• Financial or material abuse – Theft of money or possessions, fraud, scamming, preventing a person from accessing their own money, benefits or assets, employees taking a loan from a person using the service, undue pressure, duress, threat or undue influence put on the person in connection with loans, wills, property, inheritance or financial transactions, arranging less care than is needed to save money to maximise inheritance, denying assistance to manage/monitor financial affairs, denying assistance to access benefits, misuse of personal allowance in a care home, misuse of benefits or direct payments  in a family home, someone moving into a person’s home and living rent free without agreement or under duress, false representation, using another person’s bank account, cards or documents, exploitation of a person’s money or assets, e.g. unauthorised use of a car, misuse of a power of attorney, deputy, appointeeship or other legal authority, rogue trading – e.g. unnecessary or overpriced property repairs and failure to carry out agreed repairs or poor workmanship.
  • Modern Slavery – Human trafficking, forced labour, domestic servitude, sexual exploitation, such as escort work, prostitution and pornography, debt bondage – being forced to work to pay off debts that realistically they never will be able to.

Coercive Control/Financial Abuse

It is important to mention this separately as it is becoming a talked about subject within HR Forums.

Do you have any staff members that have asked you to pay into someone else’s bank account?

This could be exploitation of a person’s money and a way to gain not just financial control but complete control of an individual’s life. Money allows somebody to be independent and autonomous.  Taking this away from them means that they would be reliant on somebody else for money, they would be stuck and unable to leave even if they wanted to.

It could also be a sign of modern slavery or trafficking.

Is it therefore our duty to ask employees to complete bank detail forms/new starter forms at work on their first day?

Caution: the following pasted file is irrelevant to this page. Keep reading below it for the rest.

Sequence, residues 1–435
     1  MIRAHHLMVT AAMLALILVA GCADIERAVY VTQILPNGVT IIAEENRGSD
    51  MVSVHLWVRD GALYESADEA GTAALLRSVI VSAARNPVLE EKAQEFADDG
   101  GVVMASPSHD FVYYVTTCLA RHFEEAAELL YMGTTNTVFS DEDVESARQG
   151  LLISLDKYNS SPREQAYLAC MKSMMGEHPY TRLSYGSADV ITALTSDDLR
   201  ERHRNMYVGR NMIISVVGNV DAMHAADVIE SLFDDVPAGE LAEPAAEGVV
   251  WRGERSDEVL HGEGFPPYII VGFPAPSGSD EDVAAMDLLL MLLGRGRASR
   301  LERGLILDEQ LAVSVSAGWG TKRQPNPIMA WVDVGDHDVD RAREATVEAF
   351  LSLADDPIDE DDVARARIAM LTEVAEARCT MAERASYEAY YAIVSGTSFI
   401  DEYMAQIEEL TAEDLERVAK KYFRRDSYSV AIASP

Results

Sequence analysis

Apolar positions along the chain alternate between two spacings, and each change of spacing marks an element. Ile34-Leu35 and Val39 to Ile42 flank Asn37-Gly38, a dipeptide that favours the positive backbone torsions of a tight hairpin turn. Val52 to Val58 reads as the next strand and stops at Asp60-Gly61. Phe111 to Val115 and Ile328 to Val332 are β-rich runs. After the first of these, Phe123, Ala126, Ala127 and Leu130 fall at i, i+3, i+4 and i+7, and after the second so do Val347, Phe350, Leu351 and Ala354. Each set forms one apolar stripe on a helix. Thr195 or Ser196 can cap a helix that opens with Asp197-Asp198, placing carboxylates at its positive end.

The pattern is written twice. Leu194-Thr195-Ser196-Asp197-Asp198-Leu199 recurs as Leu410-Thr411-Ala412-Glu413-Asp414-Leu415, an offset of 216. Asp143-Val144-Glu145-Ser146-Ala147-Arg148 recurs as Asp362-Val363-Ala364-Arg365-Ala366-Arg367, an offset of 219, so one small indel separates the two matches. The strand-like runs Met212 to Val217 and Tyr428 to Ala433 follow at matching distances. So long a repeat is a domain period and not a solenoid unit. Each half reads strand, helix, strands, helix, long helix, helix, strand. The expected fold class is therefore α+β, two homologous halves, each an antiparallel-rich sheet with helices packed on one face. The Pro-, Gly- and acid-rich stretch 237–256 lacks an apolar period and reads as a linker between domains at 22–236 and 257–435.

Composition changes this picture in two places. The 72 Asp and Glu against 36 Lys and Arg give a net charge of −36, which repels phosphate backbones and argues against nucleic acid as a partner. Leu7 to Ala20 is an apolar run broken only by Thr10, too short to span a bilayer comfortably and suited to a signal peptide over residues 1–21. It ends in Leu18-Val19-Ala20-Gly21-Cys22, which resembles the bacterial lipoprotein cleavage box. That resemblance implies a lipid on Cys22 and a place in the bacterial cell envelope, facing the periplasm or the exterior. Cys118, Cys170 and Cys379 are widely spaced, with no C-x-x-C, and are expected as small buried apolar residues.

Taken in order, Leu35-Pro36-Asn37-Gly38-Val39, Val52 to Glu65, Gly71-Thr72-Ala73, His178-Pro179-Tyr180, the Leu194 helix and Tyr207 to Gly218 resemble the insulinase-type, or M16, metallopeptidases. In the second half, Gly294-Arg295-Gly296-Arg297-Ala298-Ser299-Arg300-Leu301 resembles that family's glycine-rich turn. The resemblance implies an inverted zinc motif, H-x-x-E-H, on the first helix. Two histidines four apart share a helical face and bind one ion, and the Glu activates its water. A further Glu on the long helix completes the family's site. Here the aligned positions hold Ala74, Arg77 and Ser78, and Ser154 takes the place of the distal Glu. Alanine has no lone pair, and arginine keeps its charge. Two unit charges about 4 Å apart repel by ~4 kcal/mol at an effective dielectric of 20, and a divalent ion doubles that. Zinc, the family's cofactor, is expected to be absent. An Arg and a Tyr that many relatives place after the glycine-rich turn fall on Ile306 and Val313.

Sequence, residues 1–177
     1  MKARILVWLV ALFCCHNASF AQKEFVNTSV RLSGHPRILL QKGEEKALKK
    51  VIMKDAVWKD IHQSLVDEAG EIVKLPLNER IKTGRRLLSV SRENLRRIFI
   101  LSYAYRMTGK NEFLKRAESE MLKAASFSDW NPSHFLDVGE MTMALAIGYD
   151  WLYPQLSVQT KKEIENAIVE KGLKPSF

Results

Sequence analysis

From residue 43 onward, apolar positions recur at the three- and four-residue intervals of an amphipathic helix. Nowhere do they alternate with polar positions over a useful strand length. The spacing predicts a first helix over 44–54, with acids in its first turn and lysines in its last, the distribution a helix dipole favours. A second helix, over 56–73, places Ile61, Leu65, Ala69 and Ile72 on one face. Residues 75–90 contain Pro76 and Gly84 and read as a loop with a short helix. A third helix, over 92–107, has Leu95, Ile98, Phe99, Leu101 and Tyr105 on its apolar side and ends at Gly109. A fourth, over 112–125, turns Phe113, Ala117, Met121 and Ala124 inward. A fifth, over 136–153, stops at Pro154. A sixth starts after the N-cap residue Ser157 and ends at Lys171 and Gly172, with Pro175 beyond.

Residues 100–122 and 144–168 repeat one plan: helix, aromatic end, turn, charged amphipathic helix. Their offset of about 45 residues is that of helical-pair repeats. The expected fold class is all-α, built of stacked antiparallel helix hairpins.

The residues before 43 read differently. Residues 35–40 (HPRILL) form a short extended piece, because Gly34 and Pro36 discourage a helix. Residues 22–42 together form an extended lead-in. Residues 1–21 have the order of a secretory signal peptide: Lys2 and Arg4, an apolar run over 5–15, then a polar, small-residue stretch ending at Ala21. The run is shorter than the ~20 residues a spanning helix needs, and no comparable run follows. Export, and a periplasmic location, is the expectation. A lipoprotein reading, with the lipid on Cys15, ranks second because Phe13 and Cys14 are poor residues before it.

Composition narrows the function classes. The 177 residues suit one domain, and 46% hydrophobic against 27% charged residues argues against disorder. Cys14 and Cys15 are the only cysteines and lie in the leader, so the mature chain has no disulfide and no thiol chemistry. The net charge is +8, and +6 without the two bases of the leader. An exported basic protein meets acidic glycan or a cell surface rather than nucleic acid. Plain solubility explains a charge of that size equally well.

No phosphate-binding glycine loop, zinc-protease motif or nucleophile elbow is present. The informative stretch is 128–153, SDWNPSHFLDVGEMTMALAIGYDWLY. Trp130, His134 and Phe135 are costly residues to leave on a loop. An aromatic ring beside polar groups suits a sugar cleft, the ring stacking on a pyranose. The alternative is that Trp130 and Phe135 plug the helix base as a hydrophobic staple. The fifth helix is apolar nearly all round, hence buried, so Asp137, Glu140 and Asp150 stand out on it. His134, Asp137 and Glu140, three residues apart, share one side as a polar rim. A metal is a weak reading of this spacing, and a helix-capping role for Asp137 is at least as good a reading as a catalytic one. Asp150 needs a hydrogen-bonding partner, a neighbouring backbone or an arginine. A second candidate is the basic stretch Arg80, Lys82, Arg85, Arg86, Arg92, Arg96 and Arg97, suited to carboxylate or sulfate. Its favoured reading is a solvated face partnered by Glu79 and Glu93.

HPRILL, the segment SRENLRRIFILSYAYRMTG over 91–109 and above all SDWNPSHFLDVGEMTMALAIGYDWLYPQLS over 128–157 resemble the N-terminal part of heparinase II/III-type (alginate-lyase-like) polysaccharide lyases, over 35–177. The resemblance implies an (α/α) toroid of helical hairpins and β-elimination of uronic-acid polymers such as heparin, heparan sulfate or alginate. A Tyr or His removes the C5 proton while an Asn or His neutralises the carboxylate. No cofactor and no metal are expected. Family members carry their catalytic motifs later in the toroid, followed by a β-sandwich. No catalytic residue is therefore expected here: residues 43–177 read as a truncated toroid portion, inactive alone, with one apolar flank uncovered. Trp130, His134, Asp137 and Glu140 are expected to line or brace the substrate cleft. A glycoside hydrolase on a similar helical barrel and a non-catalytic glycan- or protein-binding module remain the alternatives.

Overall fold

Yes! This would mean that we could ensure that the details have been completed by the employee themselves, they haven’t been completed by anyone else.

Should we question if the details provided on the new starter form/bank details form do not correlate with their name?

Yes! It is worth a conversation with the employee to discuss the details they have provided. This will hopefully offer an opportunity for discussion. Handled the right way, it could mean that somebody feels able to confide in you or seek support.

Work can be a refuge for some people and therefore being in a position, equipped with information and knowledge on where to signpost support or respond to an employee who confides in you could be the difference between them staying in the position they are in, or feeling supported enough to seek help.

Domestic Abuse Support

Freephone National Domestic Abuse Helpline, run by Refuge
0808 200 0247

Galop (for lesbian, gay, bisexual and transgender people)
0800 999 5428

Men’s Advice Line
0808 801 0327

Rape Crisis (England and Wales)
0808 802 9999

If you need any assistance with any aspect of HR or employment law please call us on 01527 306066.

Sign up and receive news from the nest

We’ll send you regular advice and relevant and valuable materials for your Day Nursery, Pre-school and Out of School Club.
We won’t be intrusive – just helpful! Don’t Miss Out! Fill in your details below, and we’ll be in touch very soon.